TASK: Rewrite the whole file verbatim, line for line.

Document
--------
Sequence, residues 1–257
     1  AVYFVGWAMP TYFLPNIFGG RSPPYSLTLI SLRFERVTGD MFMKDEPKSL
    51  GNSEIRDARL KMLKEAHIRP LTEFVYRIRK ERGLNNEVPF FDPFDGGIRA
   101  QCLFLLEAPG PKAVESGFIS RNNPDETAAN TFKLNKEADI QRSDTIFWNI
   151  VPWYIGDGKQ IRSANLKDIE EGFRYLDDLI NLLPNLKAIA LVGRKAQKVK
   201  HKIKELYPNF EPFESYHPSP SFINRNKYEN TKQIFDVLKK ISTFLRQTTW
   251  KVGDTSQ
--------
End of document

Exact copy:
Sequence, residues 1–257
     1  AVYFVGWAMP TYFLPNIFGG RSPPYSLTLI SLRFERVTGD MFMKDEPKSL
    51  GNSEIRDARL KMLKEAHIRP LTEFVYRIRK ERGLNNEVPF FDPFDGGIRA
   101  QCLFLLEAPG PKAVESGFIS RNNPDETAAN TFKLNKEADI QRSDTIFWNI
   151  VPWYIGDGKQ IRSANLKDIE EGFRYLDDLI NLLPNLKAIA LVGRKAQKVK
   201  HKIKELYPNF EPFESYHPSP SFINRNKYEN TKQIFDVLKK ISTFLRQTTW
   251  KVGDTSQ